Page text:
Turns Out Populism Has Limits: Five Things We Learned This Week
1) Populism Isn’t Popular Everywhere
The establishment breathed a sigh of relief this week when a nationalist, anti-immigrant Dutch party won fewer seats than expected in the first major European election of 2017, breaking the pattern of surprise from populist victories in the U.K., U.S. and Italy. The Freedom Party, led by Geert Wilders, ran on a platform of leaving the European Union, abandoning the euro, and stopping all immigration by Muslims. After the results, French presidential candidate Marine Le Pen’s odds in the betting markets plunged. France heads to the polls in April and May, followed by German elections in September.
2) The Fed Isn’t About to Pull a Big Surprise
The Federal Reserve has good reason to be dull. Its decisions about U.S. monetary policy touch nearly every aspect of the global economy. A debate over the words “considerable time” is, by Fed standards, scintillating. And yet markets — stocks, bonds, the U.S. dollar and, in turn, commodities — were jolted when the Fed on Wednesday stuck to its expectations of three interest-rate increases this year. Some speculated policy makers might add another expected increase to the calendar. Still, Fed Chair Janet Yellen wants to keep investors alert, Bloomberg News reported, to keep some risk in the mix to encourage growth.
3) Robert Shiller Has a Reality Check for You
Nobel Prize-winning economist Robert Shiller says the Trump rally reminds him of the feverish markets before the dot-com bust and the housing crash. Before those crises, traders thought some fundamental shift in the economy meant that the traditional measures of the value of companies and assets were obsolete. Now, investors are optimistic about President Donald Trump’s promises to cut regulations and taxes and spend $1 trillion on infrastructure. “The market is way over-priced,’’ Shiller said. “It’s not as intellectual as people would think, or as economists would have you believe.’’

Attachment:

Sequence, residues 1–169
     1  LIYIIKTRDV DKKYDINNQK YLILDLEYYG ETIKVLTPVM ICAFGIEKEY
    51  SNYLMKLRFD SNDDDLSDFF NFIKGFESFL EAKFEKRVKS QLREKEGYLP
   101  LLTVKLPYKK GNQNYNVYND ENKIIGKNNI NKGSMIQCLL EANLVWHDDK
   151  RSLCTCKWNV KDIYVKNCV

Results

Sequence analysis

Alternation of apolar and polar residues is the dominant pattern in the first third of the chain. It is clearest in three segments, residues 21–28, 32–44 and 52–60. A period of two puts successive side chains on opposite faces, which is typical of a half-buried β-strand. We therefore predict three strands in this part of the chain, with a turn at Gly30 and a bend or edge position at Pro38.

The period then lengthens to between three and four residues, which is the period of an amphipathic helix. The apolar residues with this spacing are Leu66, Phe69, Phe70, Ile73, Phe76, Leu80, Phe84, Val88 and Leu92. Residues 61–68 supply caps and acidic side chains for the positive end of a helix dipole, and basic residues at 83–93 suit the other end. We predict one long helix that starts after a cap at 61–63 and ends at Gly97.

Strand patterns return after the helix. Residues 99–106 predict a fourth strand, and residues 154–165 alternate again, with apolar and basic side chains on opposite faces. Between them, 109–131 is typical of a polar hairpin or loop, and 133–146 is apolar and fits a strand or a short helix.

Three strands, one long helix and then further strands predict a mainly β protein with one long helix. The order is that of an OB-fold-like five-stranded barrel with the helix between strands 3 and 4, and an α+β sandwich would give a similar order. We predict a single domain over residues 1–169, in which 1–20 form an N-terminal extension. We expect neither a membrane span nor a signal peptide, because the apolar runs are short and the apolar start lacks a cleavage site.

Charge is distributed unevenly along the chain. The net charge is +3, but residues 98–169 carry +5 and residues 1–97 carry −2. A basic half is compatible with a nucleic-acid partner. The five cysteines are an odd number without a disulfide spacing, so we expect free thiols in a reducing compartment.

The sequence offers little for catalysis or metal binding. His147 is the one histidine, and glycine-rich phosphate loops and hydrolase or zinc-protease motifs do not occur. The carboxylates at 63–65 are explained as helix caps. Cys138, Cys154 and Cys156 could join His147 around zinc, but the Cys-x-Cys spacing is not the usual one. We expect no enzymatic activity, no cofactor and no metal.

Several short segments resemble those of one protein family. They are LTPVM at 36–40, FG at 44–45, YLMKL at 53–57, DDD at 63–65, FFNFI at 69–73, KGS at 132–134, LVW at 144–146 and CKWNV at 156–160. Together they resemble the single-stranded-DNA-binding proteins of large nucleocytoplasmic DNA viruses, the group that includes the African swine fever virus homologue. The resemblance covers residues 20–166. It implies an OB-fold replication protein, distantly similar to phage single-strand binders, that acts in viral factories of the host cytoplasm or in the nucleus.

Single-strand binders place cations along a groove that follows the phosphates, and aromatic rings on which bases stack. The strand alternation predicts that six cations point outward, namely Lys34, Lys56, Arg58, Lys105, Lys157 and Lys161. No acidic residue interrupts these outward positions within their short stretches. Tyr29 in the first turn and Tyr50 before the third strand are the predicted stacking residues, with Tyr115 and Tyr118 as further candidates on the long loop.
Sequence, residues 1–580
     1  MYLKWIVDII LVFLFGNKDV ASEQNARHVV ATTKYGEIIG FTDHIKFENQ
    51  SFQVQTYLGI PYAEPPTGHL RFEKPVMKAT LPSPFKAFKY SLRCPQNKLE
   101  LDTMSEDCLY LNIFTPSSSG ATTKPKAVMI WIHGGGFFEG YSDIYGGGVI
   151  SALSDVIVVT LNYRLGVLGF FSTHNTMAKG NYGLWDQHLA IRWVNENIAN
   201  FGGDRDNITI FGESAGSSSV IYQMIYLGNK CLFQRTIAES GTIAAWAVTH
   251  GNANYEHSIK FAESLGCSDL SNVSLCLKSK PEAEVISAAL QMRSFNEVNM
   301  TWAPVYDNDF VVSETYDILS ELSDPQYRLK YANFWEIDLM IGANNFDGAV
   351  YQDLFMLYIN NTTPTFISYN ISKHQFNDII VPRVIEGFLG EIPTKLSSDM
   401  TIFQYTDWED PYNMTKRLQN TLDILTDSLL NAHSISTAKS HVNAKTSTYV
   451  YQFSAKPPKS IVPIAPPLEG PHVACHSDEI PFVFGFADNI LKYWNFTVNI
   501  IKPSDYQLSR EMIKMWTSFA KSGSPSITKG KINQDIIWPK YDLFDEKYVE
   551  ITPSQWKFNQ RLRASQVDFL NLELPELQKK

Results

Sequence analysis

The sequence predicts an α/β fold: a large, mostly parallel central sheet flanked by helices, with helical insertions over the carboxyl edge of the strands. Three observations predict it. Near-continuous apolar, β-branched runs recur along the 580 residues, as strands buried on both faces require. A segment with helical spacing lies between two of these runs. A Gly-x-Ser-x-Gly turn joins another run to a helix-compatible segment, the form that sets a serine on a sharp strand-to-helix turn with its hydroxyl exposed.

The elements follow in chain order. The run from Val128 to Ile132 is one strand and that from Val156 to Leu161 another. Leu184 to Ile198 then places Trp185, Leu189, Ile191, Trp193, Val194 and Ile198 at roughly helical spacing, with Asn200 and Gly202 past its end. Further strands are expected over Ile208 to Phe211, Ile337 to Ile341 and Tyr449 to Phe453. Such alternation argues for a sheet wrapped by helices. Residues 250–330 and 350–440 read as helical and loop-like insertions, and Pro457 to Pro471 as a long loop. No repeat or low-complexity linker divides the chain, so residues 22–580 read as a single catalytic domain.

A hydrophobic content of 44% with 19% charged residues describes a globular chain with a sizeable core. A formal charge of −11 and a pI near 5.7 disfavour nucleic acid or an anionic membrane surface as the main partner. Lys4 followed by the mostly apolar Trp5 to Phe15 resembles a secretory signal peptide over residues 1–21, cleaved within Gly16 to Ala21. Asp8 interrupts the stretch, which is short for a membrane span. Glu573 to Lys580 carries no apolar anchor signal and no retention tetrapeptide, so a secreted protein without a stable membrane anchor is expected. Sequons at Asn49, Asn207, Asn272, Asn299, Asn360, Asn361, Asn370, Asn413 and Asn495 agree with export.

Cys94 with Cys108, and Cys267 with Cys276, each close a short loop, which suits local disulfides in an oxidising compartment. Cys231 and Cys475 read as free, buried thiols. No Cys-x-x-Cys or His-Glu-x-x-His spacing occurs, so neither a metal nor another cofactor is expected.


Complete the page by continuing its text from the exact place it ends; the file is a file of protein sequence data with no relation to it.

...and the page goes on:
4) Putin’s Love for Immigrants
Trump may have a lot of love for President Vladimir Putin. But a Russian newspaper editorial recently said the U.S. president would be a member of the opposition in Russia, based on his anti-immigration stance. Russia has 11 million immigrants, according to a U.N. count, and they’re helping the country recover from a prolonged recession. The unemployment rate is 5.6 percent, and immigrants provide cheap labor for jobs like street cleaning, kitchen service and retail. Two-thirds of the population support tighter immigration limits, but the government knows they’re needed and says the country’s safe, Bloomberg News reports. “The current visa regime and rules of entry guarantee a fairly high degree of security,” says Ildar Gilmutdinov, who represents Putin’s ruling party, United Russia. Life, however, is hard for the immigrants.
5) We’re Eating Less Sugar and Salt Without Even Trying
Good news for your diet. Consumer-foods giants like Nestle and Procter & Gamble are helping us cut carbs and sodium by changing the ingredients in about 20 percent of their products. “The big consumer companies are responding to competitive pressures,” said Peter Freedman, managing director of industry body Consumer Goods Forum. Healthy foods from smaller brands and tighter government rules, such as taxes on sugary drinks in the U.K. and Mexico, are spurring change. Nestle says it’s even cut as much as 40 percent of the sugar in chocolate. (We’re reserving judgment.)